12
\$\begingroup\$

I want to have a deck of cards that looks like this:

['H1', 'H2', 'H3', 'H4', 'H5', 'H6'...]

For that I wrote the following code:

    import itertools
    kind = 'HCDS'
    value = ['1','2','3','4','5','6','7','8','9','10','J','Q','K','A']
    temp = list(itertools.product(kind,value))

    deck = []
    for i in range(0, len(temp)): 
        (a,b) = temp[i]
        deck.append(a+b)
    print(deck)

I was wondering if it could be done easier without the use of this temp variable or the for loop.

\$\endgroup\$
  • 2
    \$\begingroup\$ One (off-topic) suggestion - just to ease parsing and keystrokes - use "T" for 10... (eg. '9', 'T', 'Q', 'K', 'A' ]) \$\endgroup\$ – Baard Kopperud Nov 26 '16 at 20:40
  • \$\begingroup\$ Since this is code review: the proper way to do this would be to have a list of (immutable) objects with suit and value properties.. \$\endgroup\$ – BlueRaja - Danny Pflughoeft Nov 27 '16 at 2:15
  • 1
    \$\begingroup\$ @BlueRaja-DannyPflughoeft you may want to add that as an answer, so it's not lost in the comments for the next person who sees this question. I had the same thought when I was initially looking at this question. \$\endgroup\$ – Kevin Brown Nov 27 '16 at 5:00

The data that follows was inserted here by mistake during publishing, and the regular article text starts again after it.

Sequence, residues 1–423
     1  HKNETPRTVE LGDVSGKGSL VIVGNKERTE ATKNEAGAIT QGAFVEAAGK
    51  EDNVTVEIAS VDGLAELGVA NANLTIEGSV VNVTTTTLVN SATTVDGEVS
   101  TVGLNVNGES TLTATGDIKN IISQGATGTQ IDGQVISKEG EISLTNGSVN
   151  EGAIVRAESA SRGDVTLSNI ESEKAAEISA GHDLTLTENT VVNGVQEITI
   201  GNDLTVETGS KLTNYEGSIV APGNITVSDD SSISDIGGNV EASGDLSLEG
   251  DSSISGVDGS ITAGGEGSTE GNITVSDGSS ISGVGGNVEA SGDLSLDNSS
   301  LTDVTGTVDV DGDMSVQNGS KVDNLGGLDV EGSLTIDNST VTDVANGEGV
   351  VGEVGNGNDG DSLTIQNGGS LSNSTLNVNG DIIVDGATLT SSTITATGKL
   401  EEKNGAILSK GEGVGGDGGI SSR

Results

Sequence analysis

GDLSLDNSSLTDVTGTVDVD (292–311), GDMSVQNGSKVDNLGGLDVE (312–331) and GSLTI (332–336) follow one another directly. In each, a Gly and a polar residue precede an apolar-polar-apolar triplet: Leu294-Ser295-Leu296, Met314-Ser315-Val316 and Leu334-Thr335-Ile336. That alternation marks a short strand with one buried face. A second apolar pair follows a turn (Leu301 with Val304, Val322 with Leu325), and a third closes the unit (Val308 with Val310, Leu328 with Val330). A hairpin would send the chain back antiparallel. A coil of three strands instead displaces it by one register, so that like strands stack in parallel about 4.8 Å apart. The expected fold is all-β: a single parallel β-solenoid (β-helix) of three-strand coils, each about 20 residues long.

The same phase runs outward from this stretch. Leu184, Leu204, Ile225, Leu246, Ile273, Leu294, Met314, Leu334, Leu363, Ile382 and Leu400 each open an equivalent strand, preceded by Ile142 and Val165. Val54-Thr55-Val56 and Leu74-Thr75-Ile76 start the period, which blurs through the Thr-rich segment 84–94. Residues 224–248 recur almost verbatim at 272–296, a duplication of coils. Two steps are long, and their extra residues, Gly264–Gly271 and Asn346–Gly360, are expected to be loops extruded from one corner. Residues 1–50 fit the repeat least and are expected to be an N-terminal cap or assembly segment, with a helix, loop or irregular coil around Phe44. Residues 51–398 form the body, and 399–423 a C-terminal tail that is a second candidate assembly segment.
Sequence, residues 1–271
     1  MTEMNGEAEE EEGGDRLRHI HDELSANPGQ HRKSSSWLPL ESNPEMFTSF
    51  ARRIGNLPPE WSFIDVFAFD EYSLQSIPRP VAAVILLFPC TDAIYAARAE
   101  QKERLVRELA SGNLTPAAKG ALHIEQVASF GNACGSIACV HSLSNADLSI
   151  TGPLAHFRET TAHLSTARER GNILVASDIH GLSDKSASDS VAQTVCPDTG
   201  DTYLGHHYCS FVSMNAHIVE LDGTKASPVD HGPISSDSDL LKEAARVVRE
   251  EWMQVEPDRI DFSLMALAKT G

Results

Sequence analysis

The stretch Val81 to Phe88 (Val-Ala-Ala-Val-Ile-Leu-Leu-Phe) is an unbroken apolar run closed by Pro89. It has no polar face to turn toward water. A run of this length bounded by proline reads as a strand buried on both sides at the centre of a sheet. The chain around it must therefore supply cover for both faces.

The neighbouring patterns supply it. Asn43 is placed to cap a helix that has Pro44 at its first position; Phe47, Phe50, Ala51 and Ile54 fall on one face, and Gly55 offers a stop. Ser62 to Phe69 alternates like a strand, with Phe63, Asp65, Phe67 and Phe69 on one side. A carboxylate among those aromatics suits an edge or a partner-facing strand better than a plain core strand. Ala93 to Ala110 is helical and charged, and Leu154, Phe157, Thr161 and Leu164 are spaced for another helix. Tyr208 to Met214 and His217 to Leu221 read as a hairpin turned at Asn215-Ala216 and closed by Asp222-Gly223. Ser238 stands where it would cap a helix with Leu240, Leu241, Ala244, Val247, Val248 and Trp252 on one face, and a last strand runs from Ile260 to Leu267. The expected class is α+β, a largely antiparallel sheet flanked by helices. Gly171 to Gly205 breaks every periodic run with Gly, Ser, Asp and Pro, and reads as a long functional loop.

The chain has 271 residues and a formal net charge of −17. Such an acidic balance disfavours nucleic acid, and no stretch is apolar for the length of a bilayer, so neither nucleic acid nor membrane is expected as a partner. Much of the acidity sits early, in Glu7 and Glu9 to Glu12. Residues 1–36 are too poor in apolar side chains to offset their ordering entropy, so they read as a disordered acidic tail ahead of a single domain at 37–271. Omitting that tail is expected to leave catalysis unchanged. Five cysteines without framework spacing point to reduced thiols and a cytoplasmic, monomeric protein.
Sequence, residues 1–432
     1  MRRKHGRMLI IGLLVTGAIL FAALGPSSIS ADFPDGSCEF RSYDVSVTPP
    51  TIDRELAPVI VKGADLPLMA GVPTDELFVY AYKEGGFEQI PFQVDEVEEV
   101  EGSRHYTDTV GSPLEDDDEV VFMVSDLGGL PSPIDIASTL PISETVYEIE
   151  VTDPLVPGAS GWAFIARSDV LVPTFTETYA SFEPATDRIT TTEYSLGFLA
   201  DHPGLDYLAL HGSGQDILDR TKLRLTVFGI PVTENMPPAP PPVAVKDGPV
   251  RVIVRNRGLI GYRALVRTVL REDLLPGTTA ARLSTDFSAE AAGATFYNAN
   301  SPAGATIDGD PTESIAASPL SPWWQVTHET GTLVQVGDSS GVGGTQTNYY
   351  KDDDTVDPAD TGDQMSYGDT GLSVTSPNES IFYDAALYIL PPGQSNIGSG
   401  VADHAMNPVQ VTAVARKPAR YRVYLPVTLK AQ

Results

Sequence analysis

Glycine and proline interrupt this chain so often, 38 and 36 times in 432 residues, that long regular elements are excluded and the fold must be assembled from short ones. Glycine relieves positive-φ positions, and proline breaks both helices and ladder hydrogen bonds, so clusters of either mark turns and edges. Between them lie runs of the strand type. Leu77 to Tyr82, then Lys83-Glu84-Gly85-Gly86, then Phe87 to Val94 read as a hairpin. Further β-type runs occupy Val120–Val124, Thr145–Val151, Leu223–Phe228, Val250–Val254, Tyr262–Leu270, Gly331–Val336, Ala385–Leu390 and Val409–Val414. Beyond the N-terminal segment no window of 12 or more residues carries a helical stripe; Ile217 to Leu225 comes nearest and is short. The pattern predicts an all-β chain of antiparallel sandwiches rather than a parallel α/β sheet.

21
\$\begingroup\$

You could just use str.join in a list comprehension and create deck directly:

import itertools 
kind = 'HCDS' 
value = ['2','3','4','5','6','7','8','9','10','J','Q','K','A']
deck = ["".join(card) for card in itertools.product(kind,value)]

Note that a regular French card set starts at 2, there is no 1.

\$\endgroup\$
10
\$\begingroup\$

You can unpack the tuple directly in the list comprehension and use + to join the cards.

In [12]: kind = 'HCDS'
In [13]: value = ['1','2','3','4','5','6','7','8','9','10','J','Q','K','A']
In [14]: deck = [k + v for k, v in itertools.product(kind, value)]
In [15]: deck[:4], deck[-4:]
Out[15]: (['H1', 'H2', 'H3', 'H4'], ['SJ', 'SQ', 'SK', 'SA'])

Also, instead of using itertools.product, you could use a double-for-loop list comprehension:

In [16]: deck = [k + v for k in kind for v in value]
In [17]: deck[:4], deck[-4:]
Out[17]: (['H1', 'H2', 'H3', 'H4'], ['SJ', 'SQ', 'SK', 'SA'])

Not that it matters much in this example, but for just joining two strings, + is quite a bit faster than join, and the double-for-loop also seems to be a bit faster then itertools.product:

In [21]: %timeit ["".join(card) for card in itertools.product(kind,value)]
10000 loops, best of 3: 80.4 us per loop
In [22]: %timeit [k + v for k, v in itertools.product(kind, value)]
10000 loops, best of 3: 42.1 us per loop
In [23]: %timeit [k + v for k in kind for v in value]
10000 loops, best of 3: 35.5 us per loop
\$\endgroup\$

Your Answer

By clicking “Post Your Answer”, you agree to our terms of service, privacy policy and cookie policy

Not the answer you're looking for? Browse other questions tagged or ask your own question.